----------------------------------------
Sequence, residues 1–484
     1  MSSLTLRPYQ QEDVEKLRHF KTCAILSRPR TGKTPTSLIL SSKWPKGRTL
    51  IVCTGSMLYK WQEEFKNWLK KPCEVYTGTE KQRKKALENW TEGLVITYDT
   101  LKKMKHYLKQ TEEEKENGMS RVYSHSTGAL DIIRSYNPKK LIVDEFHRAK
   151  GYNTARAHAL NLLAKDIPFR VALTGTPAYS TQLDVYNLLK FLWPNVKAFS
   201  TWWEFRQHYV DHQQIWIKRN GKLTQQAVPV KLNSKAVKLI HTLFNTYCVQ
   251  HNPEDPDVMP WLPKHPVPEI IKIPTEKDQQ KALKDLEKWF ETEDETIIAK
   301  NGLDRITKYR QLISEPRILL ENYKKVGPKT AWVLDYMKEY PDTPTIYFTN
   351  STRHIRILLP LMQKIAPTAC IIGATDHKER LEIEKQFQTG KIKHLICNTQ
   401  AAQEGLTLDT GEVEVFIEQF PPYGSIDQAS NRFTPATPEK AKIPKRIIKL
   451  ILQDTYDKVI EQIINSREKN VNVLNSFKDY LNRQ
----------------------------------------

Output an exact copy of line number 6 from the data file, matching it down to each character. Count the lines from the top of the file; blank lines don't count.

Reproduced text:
   201  TWWEFRQHYV DHQQIWIKRN GKLTQQAVPV KLNSKAVKLI HTLFNTYCVQ